Nonprofit news roundup, 04.28.17

MiracleFeet getting $5 million

MiracleFeet in Carrboro has been awarded a $5 million grant over five years by the Oak Foundation to help end the disability caused by untreated clubfoot in low-income countries.

The foundation’s grant will support a 15-year plan in partnership with the Global Clubfoot Initiative to end disability caused by clubfoot worldwide.

MiracleFeet is responsible for raising $2 million in new funding over the next three years to qualify for the $2 million installments from the Oak Foundation in years four and five.

The grant, which provides general operating funds to make clubfoot treatment more readily accessible in low-income communities worldwide, will help ensure that an additional 60,000 children born with clubfoot get the treatment they need, MiracleFeet says

One in 750 children is born with clubfoot, a debilitating birth defect that causes one or both feet to point inward and upward, making it difficult and painful to walk.

Each year, roughly 180,000 children are born with clubfoot, with 90 percent of them living in low- and middle-income countries.

MiracleFeet, which says it is the largest organization working exclusively on the issue of clubfoot, has provided treatment to over 21,000 children in 17 low-income countries through partnerships with local healthcare providers and donors.

Guilford Child Development adding adult center

Guilford Child Development in Greensboro plans to build a two-story, 6,000-square-foot adult learning center adjacent to its Staley Child Development Center in High Point.

The addition will will cost over $1 million, is scheduled to open in early 2018.

Guilford Child Development is financing the new addition with federal funding.

Wake Forest joins lower-income initiative

Wake Forest University in Winston-Salem has joined a national alliance of colleges and universities that aims to increase the number of high-performing, low-and-moderate-income students at undergraduate schools with the highest graduation rates.

Launched in December 2016 with 30 schools, the Alliance now has grown to 68 schools and is supported by Bloomberg Philanthropies.

Other North Carolina schools in the Alliance are Davidson College, Duke University, and the University of North Carolina at Chapel Hill.

First Bank to give $100,000

Over the next year, First Bank will award a total of $100,000 to individuals in the Carolinas to help them pursue their goals, including $25,000 it will give every three months to winners selected by a committee of First Bank employees in partnership with a different nonprofit partner the bank will choose each quarter that will get $10,000 to support its mission.

Food drive raises equivalent nearly 72,000 pounds of food

Food and cash donations from the April 21-22 #FeedGSO Community Food Drive, a collaboration of local grocery stores and three dozen congregations that teamed up with Greensboro Urban Ministry, raised the equivalent of 71,950 pounds of food.

Family Abuse Services to host gala

Family Abuse Services of Alamance County will host its Hollywood-themed 7th Annual Purple Ribbon Gala on May 6 from 6 p.m. to 10 p.m. at Vailtree Event Center in Burlington.

Triad Community Kitchen marking anniversaries

Triad Community Kitchen, a program of Second Harvest Food Bank of Northwest North Carolina in Winston-Salem, will celebrate its 10th anniversary, and the first anniversary of operating Providence Restaurant and Catering with an event on May 7 from 6 p.m. 9 p.m. at the restaurant at 5790 University Parkway.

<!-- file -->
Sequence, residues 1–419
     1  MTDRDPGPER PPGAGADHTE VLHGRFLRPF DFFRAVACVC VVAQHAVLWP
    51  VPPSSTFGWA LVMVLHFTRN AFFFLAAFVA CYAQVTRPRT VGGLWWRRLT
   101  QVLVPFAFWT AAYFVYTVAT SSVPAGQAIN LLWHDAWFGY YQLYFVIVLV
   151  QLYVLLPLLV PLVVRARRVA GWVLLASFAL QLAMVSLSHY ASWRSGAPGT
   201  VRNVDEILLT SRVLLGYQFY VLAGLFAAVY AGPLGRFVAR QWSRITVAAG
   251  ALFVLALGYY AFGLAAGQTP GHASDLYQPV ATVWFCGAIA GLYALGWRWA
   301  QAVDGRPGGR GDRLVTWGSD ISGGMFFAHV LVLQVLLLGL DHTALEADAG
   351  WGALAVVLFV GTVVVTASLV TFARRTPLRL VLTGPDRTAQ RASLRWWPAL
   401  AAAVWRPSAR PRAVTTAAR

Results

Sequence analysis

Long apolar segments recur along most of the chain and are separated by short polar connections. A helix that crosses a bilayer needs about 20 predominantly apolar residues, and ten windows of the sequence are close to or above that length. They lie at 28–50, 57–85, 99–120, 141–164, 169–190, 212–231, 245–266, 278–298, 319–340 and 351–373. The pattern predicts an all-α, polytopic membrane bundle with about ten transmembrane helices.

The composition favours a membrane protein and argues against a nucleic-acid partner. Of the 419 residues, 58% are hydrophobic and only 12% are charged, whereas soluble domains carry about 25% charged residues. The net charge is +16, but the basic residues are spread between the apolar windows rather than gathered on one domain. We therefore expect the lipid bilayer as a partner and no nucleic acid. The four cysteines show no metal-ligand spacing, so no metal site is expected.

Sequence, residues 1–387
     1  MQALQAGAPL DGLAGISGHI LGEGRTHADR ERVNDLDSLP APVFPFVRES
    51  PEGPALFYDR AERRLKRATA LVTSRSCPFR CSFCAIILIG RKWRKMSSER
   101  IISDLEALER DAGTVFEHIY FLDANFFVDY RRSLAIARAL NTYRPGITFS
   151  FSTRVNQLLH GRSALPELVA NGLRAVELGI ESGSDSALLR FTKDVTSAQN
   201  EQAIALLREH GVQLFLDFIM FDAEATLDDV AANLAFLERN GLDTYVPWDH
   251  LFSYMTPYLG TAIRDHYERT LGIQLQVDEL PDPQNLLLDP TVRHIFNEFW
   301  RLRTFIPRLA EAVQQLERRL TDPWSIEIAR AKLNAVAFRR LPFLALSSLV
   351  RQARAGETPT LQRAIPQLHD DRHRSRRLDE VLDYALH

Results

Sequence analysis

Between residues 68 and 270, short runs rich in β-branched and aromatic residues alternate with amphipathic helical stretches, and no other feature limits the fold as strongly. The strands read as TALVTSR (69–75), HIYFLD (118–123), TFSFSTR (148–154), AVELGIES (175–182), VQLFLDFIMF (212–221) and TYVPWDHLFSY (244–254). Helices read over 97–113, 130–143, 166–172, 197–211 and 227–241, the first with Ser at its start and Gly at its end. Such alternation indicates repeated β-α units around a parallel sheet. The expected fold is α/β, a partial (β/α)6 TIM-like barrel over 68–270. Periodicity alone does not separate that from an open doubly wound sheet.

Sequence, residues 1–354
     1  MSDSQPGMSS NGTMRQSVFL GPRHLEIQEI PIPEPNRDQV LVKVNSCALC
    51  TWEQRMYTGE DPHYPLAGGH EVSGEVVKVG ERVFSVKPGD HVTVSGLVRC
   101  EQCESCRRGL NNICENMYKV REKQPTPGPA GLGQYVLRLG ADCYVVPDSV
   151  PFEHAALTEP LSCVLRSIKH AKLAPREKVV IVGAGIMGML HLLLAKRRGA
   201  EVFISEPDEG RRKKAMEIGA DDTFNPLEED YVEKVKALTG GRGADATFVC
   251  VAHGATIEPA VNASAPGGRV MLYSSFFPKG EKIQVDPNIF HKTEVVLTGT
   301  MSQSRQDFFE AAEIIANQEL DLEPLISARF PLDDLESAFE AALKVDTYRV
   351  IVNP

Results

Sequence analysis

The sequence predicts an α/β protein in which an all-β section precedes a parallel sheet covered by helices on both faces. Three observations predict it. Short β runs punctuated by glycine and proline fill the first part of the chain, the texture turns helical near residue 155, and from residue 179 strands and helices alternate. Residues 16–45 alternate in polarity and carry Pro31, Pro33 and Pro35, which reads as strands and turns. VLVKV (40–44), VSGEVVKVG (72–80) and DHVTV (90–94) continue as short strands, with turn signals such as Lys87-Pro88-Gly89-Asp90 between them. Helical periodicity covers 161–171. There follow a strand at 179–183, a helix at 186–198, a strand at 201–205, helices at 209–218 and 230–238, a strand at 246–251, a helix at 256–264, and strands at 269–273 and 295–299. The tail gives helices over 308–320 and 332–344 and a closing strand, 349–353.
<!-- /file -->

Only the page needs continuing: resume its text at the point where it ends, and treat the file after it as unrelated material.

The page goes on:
In the past 10 years, over 600 underemployed individuals have learned culinary history, basic knife skills, kitchen safety and more during a 13-week training program.

Winston-Salem Foundation awards teacher grants

The Winston-Salem Foundation awarded a total of $53,720 to 32 teachers in kindergarten through 12th grade in the Winston- Salem/Forsyth County Schools for professional development.

Triangle Race for the Cure set for May 6

The Triangle Race for the Cure, presented locally by Duke Cancer Institute to raise money for Susan G. Komen, will be held May 6 at the Frontier in Research Triangle Park.

Three-fourths percent of net income from the event helps fund local programs offering breast health education and breast cancer screening and treatment. The remaining one-fourth supports the Susan G. Komen Research Grants Program, which provided this year provided a total of $3 million in research grants to the University of North Carolina at Chapel Hill and North Carolina Central University in collaboration with Duke University.

Gift to support conservatory

Don and Teresa Caine, owners of Greensboro-based Camco Manufacturing, made a gift to support a new Conservatory at High Point University that will provide space for students and faculty to conduct botanical research and house a classroom, working greenhouse, new eatery and planting display space for the community. The University would not disclose the size of the gift.

Transitions LifeCare adds board members

Transitions LifeCare elected three new members to its board of directors, including  Susan Catchings,  a family nurse practitioner with Avance Care; Zeke Creech, a lawyer at Zeke Creech Law; and Charles Kabugo-Musoke, an associate at Smith Anderson.

Endowment created at Lee funder

The Holzwarth Family Endowment has been established at the Lee County Community Foundation and will make annual grants to Jonesboro United Methodist Church, Christian United Outreach Center and Salvation Army Sanford Service Center. The Holzwarth family also made a contribution to the community grantmaking fund at the Foundation, an affiliate of the North Carolina Community Foundation.

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